Ghost in the Shell: SAC_2045 Sustainable War review: Quick recap falls short in experience

In Ghost in the Shell: SAC_2045 Sustainable War, Section 9, led by Major Kusanagi, reunites once again to face a major threat posed to human survival by the much powerful post-humans.


After the Global Simultaneous Default, the world was pushed into a worldwide economic crisis. It led to civil wars across all nations.

Amidst this, the members of Section 9, a former Japanese government unit consisting of cyborg humans fitted with cyberbrains, have thrived as a mercenary group called GHOST working for private military companies.

They are soon approached by the American John Smith from NSA who force them on a mission to capture a high-profile individual called Patrick Huge. But the guy proves to be a challenge for the GHOST as he turns out to be something else than previously assumed.

Just as Major Kusanagi’s team of cyborgs neutralise the lethal Patrick Huge, former Section 9 chief Daisuke Aramaki appears with an executive order and takes control back of the team from John Smith.

However, to everyone’s surprise, John Smith reveals the true danger humanity collectively faces now. Patrick Huge belong to a group of individuals called post-humans who possess unimaginable computing power and can hack into any system with their potential.

Patrick Huge was only one of the few post-humans who were traced. Things get tenser when people with cyberbrains start getting murdered randomly everywhere.

But the situation gets only more puzzling for the reunited Section 9 as the conspiracy behind the emergence of post-humans turns out to be bigger than anybody had thought previously.

Major Kusanagi and her team are now responsible to tackle the first threat that humanity has faced as a whole; the post-humans.


Being a recut of the series’ season 1, the film successfully establishes the world and quickly covers all the major events with an adequate explanation for everything. It does feel overwhelming sometimes, but the detailed world-building and layered storytelling are to blame for it.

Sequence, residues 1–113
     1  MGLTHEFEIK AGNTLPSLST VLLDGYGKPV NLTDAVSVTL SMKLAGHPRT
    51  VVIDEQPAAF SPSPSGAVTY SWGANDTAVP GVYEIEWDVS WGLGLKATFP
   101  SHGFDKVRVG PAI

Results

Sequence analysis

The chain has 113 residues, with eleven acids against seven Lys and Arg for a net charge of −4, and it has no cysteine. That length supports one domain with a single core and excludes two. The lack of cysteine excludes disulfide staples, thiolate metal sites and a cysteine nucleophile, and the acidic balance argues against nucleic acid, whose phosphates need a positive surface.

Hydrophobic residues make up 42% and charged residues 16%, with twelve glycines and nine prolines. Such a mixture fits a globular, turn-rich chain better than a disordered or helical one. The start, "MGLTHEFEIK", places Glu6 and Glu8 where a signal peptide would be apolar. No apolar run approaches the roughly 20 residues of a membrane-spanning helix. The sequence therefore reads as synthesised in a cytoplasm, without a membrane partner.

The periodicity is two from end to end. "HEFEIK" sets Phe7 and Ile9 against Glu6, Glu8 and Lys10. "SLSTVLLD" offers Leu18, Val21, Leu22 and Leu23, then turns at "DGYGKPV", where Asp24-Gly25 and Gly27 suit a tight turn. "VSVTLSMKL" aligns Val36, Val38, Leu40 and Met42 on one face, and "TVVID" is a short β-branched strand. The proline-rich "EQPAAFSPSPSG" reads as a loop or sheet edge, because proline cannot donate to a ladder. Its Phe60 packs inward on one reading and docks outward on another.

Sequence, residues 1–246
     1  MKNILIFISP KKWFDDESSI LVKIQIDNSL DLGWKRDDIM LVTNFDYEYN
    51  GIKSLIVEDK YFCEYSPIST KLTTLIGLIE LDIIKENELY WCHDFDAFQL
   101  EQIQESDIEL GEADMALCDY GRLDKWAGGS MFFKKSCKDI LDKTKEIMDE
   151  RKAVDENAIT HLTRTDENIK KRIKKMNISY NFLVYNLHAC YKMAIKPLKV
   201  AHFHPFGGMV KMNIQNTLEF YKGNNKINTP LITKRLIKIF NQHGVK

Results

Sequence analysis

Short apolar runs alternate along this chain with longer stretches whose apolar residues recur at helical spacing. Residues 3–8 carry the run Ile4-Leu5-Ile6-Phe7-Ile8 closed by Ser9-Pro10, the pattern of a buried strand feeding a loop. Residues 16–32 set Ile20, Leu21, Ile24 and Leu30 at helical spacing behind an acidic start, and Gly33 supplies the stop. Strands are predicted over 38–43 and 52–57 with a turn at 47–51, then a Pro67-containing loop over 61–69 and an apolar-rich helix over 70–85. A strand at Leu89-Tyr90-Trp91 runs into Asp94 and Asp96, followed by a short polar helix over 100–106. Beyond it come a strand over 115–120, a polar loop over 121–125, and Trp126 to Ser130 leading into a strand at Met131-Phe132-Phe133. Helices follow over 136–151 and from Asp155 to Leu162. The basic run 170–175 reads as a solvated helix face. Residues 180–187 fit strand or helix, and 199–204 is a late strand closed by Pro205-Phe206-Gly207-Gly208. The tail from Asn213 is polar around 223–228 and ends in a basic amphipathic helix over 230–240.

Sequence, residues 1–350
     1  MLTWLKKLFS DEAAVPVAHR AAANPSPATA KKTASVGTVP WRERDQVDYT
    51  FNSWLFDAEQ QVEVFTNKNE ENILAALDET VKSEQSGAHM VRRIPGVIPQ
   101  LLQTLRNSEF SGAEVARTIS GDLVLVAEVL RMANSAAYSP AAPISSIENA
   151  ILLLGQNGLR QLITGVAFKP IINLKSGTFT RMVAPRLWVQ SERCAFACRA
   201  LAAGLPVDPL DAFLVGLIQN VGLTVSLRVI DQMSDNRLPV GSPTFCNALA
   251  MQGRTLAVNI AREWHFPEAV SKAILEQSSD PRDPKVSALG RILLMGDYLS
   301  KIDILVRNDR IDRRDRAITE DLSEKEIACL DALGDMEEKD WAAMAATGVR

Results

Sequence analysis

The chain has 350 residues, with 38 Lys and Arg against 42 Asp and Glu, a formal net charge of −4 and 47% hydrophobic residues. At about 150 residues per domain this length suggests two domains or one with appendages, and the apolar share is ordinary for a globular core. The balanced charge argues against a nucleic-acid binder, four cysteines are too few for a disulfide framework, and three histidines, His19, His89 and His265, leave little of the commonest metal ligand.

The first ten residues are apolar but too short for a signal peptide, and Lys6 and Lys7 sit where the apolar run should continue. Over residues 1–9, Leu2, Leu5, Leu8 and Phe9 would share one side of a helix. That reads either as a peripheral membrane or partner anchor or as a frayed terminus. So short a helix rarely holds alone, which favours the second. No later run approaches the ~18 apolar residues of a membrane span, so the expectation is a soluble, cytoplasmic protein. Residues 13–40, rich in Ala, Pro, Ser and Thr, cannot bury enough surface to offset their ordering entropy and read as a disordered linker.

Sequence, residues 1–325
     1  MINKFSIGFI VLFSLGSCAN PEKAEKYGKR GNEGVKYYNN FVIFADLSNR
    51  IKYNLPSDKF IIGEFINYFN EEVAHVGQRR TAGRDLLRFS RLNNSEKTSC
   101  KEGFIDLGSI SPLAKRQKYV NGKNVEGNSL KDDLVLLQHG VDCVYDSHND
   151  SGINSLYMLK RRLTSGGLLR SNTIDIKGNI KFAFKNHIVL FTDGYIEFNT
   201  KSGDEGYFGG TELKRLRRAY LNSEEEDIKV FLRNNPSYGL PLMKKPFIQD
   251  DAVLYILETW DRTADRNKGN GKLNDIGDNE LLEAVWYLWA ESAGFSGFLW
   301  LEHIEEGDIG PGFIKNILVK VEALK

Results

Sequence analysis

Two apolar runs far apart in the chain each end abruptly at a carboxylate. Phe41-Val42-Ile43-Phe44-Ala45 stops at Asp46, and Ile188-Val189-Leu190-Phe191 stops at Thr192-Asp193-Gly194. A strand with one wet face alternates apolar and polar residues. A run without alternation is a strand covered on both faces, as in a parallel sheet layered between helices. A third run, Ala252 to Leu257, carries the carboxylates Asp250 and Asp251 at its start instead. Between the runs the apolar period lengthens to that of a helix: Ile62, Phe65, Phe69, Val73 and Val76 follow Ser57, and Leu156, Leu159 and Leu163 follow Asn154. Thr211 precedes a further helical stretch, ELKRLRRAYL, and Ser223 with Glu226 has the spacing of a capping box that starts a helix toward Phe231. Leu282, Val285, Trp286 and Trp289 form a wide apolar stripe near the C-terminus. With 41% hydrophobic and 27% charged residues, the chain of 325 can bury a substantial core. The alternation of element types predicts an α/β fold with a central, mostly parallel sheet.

The world of Ghost in the Shell has a character of its own which leaves its touch on the story. The story employs mystery to create a haunting sensation evoking further believability in the seriousness of the conflict being faced.

The story is layered and attempts to explore many themes. The eventual dystopia which humans stand to face if technology is allowed to take over forms the central one. Justice, freedom, and the utility of war are all explored in a limited sense.

The visuals look cool and aesthetically pleasing with decent action sequences to get the adrenaline going. The fun think bots known as Tachikomas make up for the cuteness in the otherwise harsh and dystopian nature of Ghost in the Shell’s world.


The recut faces the obvious criticisms that can be targeted at a recut of a full-fledged series.

The exposition is definitely weak at first. It takes some time initially to make sense of what’s happening. The lack of character building and characterization is another obvious criticism.

Another major downfall is the rushed nature of the cut which makes it less palatable. It’s not a completely satisfying experience and makes one doubt whether the goal was to only provide a recap for the upcoming season.

On other occasions, the overwhelming level of details being bombarded doesn’t make it any easier to consume the capsuled story presented in the film.


The film helps establish the world to new viewers who might be interested in the upcoming season 2 by covering the major plot points and important characters.

It does fall short on a definitive experience and makes you wish you should have gone for the series instead. It’s a good introduction to the world of Ghost in the Shell but that’s about where the rope ends. If experience overweighs time in terms of priorities, it’s recommended to go for the series for a more defined experience. The film might work just fine, too.

Rating: 3/5

Also Read: Ghost in the Shell: SAC_2045 Sustainable War summary and ending explained

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